Falls Police Chief Whitney back on job Monday after being cleared of ‘alleged wrongdoing,’ attorney says

Falls Township Police Chief Nelson Whitney has confirmed he will return to his job overseeing the 53-officer department Monday, five months after his sudden suspension.

But the mystery behind his unexplained forced departure continues, though Whitney’s attorney confirmed Saturday his client has been cleared of “any alleged wrongdoing.”

Falls Township officials have not publicly revealed the reason they placed Whitney on paid administrative leave on April 26, beyond that they planned to investigate the “regarding performance of his duties.”

Falls Township Police Chief Nelson Whitney, on Friday, March 4, 2022, talks about the donations of expired police equipment from his members, that will be shipped to Ukraine.

Falls Township Police Chief Nelson Whitney, on Friday, March 4, 2022, talks about the donations of expired police equipment from his members, that will be shipped to Ukraine.

Whitney confirmed Friday that he will be returning as police chief Monday. He declined to comment further on the circumstances of his leave and return.

“I am returning to my duties as chief of police,” Whitney said in a text message. “I look forward to continuing my service to the community of Falls Township and working with the men and women of the Falls Township Police Department.”

In a statement released Saturday, Whitney’s attorney, Scott Pollins, said his client was cleared following an outside legal investigation.

“Falls Township hired the law firm of Campbell Durrant PC to investigate allegations of wrongdoing made against Chief Whitney,” Pollins said in the statement. “Representatives of Campbell Durrant performed a thorough and comprehensive investigation and no wrongdoing was found on behalf of Chief Whitney.”

The statement did not specific what acts Whitney had been accused of and the township has refused to provide either him or his client with a copy of the investigation and its findings.

Township officials have not released any details about its investigation of Whitney, including any findings, the cost to taxpayers and who conducted it.

Falls Township Manager Matt Takita did not immediately respond to an email asking for details about the investigation on Friday. Through a spokeswoman, the supervisors declined comment on Whitney’s return on Friday, but the board has previously stated it cannot comment on “personnel matters.”

At its May 16 meeting, Falls Supervisors voted unanimously to hire the law firm Campbell-Durrant to provide labor and employment legal services as “Investigative Counsel for Confidential Personnel,” according to meeting minutes, which did not provide either a scope or cost estimate for the work. There was also no mention of the services were related to Whitney.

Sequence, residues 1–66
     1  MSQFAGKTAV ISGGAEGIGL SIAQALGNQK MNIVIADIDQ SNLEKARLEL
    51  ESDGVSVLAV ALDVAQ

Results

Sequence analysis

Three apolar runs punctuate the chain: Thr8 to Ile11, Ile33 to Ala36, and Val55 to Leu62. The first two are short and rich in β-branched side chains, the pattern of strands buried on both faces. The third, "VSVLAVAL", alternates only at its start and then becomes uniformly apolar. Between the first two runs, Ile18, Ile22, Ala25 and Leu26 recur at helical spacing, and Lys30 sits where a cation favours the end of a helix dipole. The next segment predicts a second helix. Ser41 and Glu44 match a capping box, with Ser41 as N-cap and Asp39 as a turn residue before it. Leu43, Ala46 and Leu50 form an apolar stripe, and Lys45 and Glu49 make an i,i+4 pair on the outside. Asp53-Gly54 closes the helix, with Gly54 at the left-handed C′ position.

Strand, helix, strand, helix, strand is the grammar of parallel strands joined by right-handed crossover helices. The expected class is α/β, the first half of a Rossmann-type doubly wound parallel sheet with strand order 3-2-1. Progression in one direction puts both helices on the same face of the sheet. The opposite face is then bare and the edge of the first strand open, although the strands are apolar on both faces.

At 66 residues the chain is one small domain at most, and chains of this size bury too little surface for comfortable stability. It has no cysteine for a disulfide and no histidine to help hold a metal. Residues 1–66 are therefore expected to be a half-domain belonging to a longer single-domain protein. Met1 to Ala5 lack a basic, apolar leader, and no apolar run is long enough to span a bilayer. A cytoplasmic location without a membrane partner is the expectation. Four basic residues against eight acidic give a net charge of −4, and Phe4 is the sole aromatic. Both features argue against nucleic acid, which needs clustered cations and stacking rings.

Whitney’s suspension followed a reported no-confidence vote by the rank-and-file members of the township’s police union. Police Association of Falls Township President Edward Elmore has not publicly commented on member allegations involving Whitney’s leadership.

Union leadership reportedly submitted a letter to the township blaming Whitney for problems with officer grievances and lack of an attempt to resolve them, an “absolutely toxic” work environment, and “non-existent” morale.

Read the Falls chief saga from startFalls Township places Police Chief Nelson Whitney on paid leave pending investigation

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Whitney, a 33-year member of the Falls police force, became chief in January 2021, after four months serving as acting chief.

In a statement released after he was placed on leave, Whitney said he was hired an attorney to investigate whether his cooperation in a federal investigation had any connection to the no-confidence vote or his being placed on leave.

Falls chief’s connection to federal caseAmid union fallout, Falls police chief reveals federal investigation subpoena

Whitney also said that shortly before he was put on leave he informed the township he has been subpoenaed to appear before a federal grand jury as part of an investigation involving the township, according to the statement, which did not provide any details about the nature of the federal investigation.

Whitney has not yet tested before the grand jury, Pollins said on Friday.

Whitney’s abrupt leave also came amid a flurry of lawsuits against the department and township. Since 2019, at least a half dozen current and former Falls Township police officers have sued in Bucks County Court alleging the township and its police department discriminated, harassed and retaliated against them.

Earlier this year, an outside arbitrator ordered Falls Township police department to reinstate a former officer who was terminated in 2020 for allegedly lying in a 2019 Pennsylvania Human Relations Commission complaint about serving on the township’s Major Incident Response Team (MIRT).

Falls is seeking to overturn the decision in Bucks County Court.

More on the Whitney suspension saga Falls Police lawsuits, unrest show department in disarray. Is public trust at risk?

This article originally appeared on Bucks County Courier Times: Falls Police Chief returning to job after five month unexplained leave

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